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HISTORY OF THE BEORNINGS
Beorn lived on simple diet of bread, honey and clotted cream.
Beorn lived with his animals (horses, dogs and ponies among others) in a wooden house between the Misty Mountains and Mirkwood, to the east of the Anduin.
Beorn was of immense size and strength for a man, and retained his size and strength in bear-form. He had brown hair and a thick black beard and broad shoulders.
Beorn often left his home, for hours or days at a time, for purposes not completely known. It is possible he could have left to drive out or eliminate enemies and other threats from the surrounding lands, and/or to find edible vegetation from further away. Beorn could be nocturnal as well, as he seemed to leave at night in bear-form. His origins lay in the distant past, and Gandalf the Grey suspected he and his people had originally come from the mountains.
Beorn named the Carrock and created the steps that led from its base to the flat top.
In The Hobbit, Beorn received Gandalf, Bilbo Baggins, and the thirteen Dwarves and aided them in their quest to reclaim the Dwarves' kingdom beneath Erebor, the Lonely Mountain. He was convinced of their trustworthiness after confirming their tale of encountering the Goblins of the Misty Mountains, and Gandalf's slaying of their leader, the Great Goblin.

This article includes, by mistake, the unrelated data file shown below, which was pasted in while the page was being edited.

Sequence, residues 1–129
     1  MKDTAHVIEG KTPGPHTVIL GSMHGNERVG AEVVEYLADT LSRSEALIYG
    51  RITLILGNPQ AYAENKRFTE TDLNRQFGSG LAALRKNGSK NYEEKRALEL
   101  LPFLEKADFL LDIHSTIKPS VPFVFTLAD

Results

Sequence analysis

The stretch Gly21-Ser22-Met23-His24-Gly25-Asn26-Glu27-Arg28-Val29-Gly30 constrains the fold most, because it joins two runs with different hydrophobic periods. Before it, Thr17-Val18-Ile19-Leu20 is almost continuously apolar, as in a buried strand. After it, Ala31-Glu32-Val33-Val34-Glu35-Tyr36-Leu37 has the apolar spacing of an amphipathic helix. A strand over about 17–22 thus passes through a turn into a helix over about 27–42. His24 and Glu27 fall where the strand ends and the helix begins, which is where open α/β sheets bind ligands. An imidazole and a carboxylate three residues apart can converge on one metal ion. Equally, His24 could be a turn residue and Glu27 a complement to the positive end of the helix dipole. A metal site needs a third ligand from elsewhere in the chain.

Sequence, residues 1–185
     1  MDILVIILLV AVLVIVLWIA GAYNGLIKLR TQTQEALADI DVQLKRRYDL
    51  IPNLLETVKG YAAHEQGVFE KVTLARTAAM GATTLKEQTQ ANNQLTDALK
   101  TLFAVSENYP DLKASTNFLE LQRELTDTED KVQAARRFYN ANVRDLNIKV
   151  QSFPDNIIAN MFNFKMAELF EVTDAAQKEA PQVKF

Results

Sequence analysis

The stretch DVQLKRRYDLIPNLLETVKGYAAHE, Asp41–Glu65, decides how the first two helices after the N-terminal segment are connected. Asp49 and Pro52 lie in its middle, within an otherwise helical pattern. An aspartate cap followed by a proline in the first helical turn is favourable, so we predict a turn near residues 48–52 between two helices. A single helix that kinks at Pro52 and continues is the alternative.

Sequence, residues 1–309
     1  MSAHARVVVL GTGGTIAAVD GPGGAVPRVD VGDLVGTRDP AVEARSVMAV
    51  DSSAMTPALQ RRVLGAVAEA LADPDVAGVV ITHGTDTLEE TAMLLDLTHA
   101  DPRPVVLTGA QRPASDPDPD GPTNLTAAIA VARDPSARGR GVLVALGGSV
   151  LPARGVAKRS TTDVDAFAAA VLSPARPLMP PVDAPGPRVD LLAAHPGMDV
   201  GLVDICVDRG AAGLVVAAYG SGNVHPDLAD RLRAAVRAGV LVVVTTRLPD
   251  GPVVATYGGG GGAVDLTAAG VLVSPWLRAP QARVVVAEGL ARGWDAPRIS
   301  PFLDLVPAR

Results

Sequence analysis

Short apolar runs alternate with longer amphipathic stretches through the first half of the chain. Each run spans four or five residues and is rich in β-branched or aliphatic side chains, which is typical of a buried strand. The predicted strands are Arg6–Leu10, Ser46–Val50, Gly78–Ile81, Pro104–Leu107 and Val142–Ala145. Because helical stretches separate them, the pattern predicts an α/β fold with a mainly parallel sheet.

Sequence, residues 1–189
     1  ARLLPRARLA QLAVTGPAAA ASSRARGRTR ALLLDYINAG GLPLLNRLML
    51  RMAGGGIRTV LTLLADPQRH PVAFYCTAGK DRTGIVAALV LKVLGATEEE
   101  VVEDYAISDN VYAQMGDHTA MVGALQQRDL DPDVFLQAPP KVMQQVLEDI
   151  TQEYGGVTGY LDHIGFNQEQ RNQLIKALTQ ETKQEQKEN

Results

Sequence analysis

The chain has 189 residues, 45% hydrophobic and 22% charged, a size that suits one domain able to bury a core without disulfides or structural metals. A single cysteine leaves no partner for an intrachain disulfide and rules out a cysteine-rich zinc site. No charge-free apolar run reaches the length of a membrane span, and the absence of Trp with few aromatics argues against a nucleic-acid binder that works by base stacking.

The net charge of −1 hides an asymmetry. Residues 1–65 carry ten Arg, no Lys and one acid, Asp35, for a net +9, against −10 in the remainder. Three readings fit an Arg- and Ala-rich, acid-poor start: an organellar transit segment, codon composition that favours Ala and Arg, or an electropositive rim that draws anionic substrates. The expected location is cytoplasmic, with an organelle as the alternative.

Later, hearing of a vast host of Goblins on the move, Beorn arrived at the Lonely Mountain in time to strike the decisive blow in the Battle of Five Armies, slaying the new Goblin leader, Bolg, and his bodyguards; without direction, the Goblin army scattered and were easy pickings for the other armies of Men, Elves, Dwarves, and Eagles.
In the years between the Battle of Five Armies and the War of the Ring, Beorn became a leader of Men, including other shape-shifters, and woodsmen. His people were known as the Beornings, and they helped defend Thranduil's kingdom at northern Mirkwood. He died some time before the War of the Ring itself began, and was succeeded by his son Grimbeorn the Old.
In naming his character, Tolkien used beorn, the Old English word for "bear", which later came to mean "man" and "warrior" (with implications of "freeman" and "nobleman" in Anglo-Saxon society). It is related to the Scandinavian names Björn (Icelandic and Swedish) and Bjørn (Norwegian and Danish), meaning "bear". The word baron is indirectly related to beorn
BEORN IN HIS HUMAN FORM
GRIMBEORN IN WINTER
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